SHARING IS CARING
Hot Flashes? Night Sweats? Insomnia? Itchy skin? Whether your ovaries were removed or not, you may be experiencing some menopausal symptoms that need to be addressed with your doctor. Simple symptoms may easily be ignored, but it's important to note that these symptoms have been reported by women experiencing menopause. If you have any of these symptoms, discuss them with your doctor during your next checkup.
- Hot flashes, flushes, night sweats, and/or cold flashes and/or clammy feeling
- Irregular heart beat
- Mood swings, sudden tears
- Trouble sleeping through the night (with or without night sweats)
- Loss of libido
- Dry vagina
- Pain during sex
- Crashing fatigue
- Anxiety, feeling ill at ease
- Feelings of dread, apprehension, doom
- Difficulty concentrating, disorientation, mental confusion
- Disturbing memory lapses
- Incontinence, especially upon sneezing or laughing; urge incontinence
- Itchy, crawly skin
- Aching, sore joints, muscles and tendons
- Increased tension in muscles
- Breast tenderness
- Headache change: increase or decrease
- Gastrointestinal distress, indigestion, flatulence, gas pain, nausea
- Sudden bouts of bloating
- Worsening of existing conditions
- Increase in allergies
- Weight gain
- Hair loss or thinning on head, in pubic area, or over whole body; increase in facial hair
- Dizziness, light-headedness, episodes of loss of balance
- Changes in body odor
- Electric shock sensation under the skin and in the head
- Tingling in the extremities
- Gum problems, increased bleeding
- Burning tongue, burning roof of mouth, bad taste in mouth, change in breath odor
- Changes in fingernails: softer, crack or break more easily
- Tinnitus: ringing in ears, bells, 'whooshing,' buzzing, etc.
Understand Your Options
If you had your ovaries removed, it is very important for you to consider how you will replace the hormones your body provided to you through your ovaries. Many women, especially young HysterSisters, are confused about the need for hormone replacement therapy. They often stop taking HRT within a few months after their surgery and then after a few months of misery return to their doctor's office complaining of many medical issues. Your ovaries provided hormones essential to your health. Do not overlook this important aspect of your post-hysterectomy and oophorectomy (ovary removal) needs.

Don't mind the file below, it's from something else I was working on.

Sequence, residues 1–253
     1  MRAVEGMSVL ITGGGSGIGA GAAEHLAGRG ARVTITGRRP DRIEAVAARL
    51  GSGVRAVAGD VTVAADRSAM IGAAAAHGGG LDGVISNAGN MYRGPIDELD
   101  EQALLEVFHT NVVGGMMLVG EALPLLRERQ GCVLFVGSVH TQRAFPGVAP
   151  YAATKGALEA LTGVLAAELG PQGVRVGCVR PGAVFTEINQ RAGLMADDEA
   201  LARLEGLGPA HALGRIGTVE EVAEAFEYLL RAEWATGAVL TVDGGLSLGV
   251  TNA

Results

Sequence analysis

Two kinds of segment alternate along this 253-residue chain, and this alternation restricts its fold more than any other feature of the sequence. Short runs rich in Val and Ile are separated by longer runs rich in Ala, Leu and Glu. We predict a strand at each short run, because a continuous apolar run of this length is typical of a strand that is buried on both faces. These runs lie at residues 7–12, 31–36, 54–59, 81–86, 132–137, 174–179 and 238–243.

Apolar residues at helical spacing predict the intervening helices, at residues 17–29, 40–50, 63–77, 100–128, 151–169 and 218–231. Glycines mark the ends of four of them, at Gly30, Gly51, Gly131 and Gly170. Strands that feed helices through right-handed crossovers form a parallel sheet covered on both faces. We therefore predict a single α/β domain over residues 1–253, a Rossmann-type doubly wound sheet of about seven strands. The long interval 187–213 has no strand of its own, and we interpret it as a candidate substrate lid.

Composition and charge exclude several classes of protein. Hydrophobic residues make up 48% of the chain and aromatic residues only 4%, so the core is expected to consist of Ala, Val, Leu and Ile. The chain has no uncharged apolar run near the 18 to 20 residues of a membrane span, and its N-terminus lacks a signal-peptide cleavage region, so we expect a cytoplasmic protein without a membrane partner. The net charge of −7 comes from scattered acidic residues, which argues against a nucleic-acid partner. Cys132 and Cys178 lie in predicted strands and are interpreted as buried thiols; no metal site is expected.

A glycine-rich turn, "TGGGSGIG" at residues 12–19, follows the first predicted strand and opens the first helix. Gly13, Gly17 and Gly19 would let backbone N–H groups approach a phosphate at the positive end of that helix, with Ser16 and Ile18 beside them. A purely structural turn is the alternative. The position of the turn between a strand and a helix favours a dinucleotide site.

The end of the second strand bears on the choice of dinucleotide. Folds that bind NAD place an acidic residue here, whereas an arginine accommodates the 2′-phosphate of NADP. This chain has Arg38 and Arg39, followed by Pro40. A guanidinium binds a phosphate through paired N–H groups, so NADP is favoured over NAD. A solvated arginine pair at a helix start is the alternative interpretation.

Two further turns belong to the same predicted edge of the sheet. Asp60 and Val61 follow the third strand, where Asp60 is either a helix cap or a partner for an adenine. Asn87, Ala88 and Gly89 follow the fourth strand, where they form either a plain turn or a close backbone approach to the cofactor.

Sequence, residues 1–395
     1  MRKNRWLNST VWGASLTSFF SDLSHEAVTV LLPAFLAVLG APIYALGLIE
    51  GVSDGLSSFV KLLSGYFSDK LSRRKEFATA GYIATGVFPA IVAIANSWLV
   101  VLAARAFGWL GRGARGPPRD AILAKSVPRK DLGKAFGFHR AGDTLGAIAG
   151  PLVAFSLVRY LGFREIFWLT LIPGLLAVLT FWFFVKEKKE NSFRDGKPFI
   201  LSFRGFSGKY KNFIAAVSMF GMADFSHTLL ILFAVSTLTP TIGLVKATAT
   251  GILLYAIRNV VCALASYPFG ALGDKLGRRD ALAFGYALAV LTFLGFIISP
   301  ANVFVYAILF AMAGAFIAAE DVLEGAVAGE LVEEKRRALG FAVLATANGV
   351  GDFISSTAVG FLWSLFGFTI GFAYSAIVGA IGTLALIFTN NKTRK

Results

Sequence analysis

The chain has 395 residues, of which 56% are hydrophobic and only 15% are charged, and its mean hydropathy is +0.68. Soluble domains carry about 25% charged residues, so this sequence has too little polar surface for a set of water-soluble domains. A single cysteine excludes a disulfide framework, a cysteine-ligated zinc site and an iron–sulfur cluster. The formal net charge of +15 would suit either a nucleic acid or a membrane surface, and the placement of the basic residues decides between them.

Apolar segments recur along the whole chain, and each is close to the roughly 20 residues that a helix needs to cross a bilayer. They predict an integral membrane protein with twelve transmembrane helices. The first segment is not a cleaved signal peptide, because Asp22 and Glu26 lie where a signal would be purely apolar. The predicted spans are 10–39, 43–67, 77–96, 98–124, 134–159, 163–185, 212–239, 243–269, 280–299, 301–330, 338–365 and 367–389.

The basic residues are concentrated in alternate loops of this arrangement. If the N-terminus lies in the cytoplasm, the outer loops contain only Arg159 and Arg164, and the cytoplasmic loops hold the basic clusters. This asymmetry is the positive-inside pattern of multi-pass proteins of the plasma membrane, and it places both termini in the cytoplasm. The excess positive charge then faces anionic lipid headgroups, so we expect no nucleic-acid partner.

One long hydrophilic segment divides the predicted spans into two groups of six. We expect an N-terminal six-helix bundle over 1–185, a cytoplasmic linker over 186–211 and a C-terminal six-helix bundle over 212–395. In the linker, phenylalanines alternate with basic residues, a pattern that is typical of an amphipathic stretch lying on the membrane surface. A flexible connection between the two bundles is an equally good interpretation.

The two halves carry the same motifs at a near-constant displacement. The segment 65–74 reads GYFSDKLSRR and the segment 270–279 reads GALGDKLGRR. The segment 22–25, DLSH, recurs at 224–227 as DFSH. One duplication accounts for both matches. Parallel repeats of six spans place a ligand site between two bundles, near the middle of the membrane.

If you find that you can not take hormone therapy, there are some alternatives that are available to relieve your menopausal symptoms.
If you have not had surgery yet and have not made the decision to keep your ovaries, the HysterSisters strongly suggest discussing your options with your doctor. Often, alternative treatments do not offer back to you what your body needs to feel balanced and healthy. If you can keep your ovaries, allowing them to maintain your hormone levels even for a few years, this would be an excellent decision.
The key is for you, the patient, to get all the information you can to make the best decision for your optimal health.
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Talk to Your Doctor
Make an appointment and talk to your doctor about your menopause symptoms. Prior to your appointment, keep a journal, writing down every hot flash and every symptom with a score for intensity. This information will help to demonstrate to your doctor your level of suffering.
If your doctor prescribes HRT (hormone replacement therapy) for you, take it as prescribed. Do not skip your dosages or alter your dosages. Again, keep a journal to mark down hot flashes and intensity levels. Often it takes a few weeks for your body to adjust to the new hormones . Don't give up and tweak things without allowing your body to adjust.
Return to your doctor with your updated journal to discuss any changes needed in your prescription. Many women find the most convenient way to take their prescribed HRT is the hormone patch. Others find a daily pill easier to remember. Find out what works for you and stick with it. Ask your doctor about any changes in dosages you would like to adjust.
HRT Or No HRT?